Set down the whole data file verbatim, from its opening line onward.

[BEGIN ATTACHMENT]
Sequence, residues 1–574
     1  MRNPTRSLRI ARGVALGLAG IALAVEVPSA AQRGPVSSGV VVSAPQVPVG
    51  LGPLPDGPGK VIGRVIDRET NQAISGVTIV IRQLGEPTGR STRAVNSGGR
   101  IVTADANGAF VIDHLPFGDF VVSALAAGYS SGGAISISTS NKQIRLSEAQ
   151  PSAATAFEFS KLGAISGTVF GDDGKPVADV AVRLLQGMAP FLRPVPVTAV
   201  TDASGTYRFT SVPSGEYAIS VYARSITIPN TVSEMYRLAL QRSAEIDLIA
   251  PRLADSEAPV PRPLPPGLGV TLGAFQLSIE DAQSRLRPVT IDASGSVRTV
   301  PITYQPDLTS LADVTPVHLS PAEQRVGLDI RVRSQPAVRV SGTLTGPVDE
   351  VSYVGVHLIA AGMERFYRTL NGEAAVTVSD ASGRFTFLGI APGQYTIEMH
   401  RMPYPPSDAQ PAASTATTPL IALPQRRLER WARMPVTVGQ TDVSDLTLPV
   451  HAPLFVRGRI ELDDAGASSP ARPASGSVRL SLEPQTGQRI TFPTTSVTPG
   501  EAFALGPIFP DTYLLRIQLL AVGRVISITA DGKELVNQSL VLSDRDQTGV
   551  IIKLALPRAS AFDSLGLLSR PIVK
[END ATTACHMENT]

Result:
Sequence, residues 1–574
     1  MRNPTRSLRI ARGVALGLAG IALAVEVPSA AQRGPVSSGV VVSAPQVPVG
    51  LGPLPDGPGK VIGRVIDRET NQAISGVTIV IRQLGEPTGR STRAVNSGGR
   101  IVTADANGAF VIDHLPFGDF VVSALAAGYS SGGAISISTS NKQIRLSEAQ
   151  PSAATAFEFS KLGAISGTVF GDDGKPVADV AVRLLQGMAP FLRPVPVTAV
   201  TDASGTYRFT SVPSGEYAIS VYARSITIPN TVSEMYRLAL QRSAEIDLIA
   251  PRLADSEAPV PRPLPPGLGV TLGAFQLSIE DAQSRLRPVT IDASGSVRTV
   301  PITYQPDLTS LADVTPVHLS PAEQRVGLDI RVRSQPAVRV SGTLTGPVDE
   351  VSYVGVHLIA AGMERFYRTL NGEAAVTVSD ASGRFTFLGI APGQYTIEMH
   401  RMPYPPSDAQ PAASTATTPL IALPQRRLER WARMPVTVGQ TDVSDLTLPV
   451  HAPLFVRGRI ELDDAGASSP ARPASGSVRL SLEPQTGQRI TFPTTSVTPG
   501  EAFALGPIFP DTYLLRIQLL AVGRVISITA DGKELVNQSL VLSDRDQTGV
   551  IIKLALPRAS AFDSLGLLSR PIVK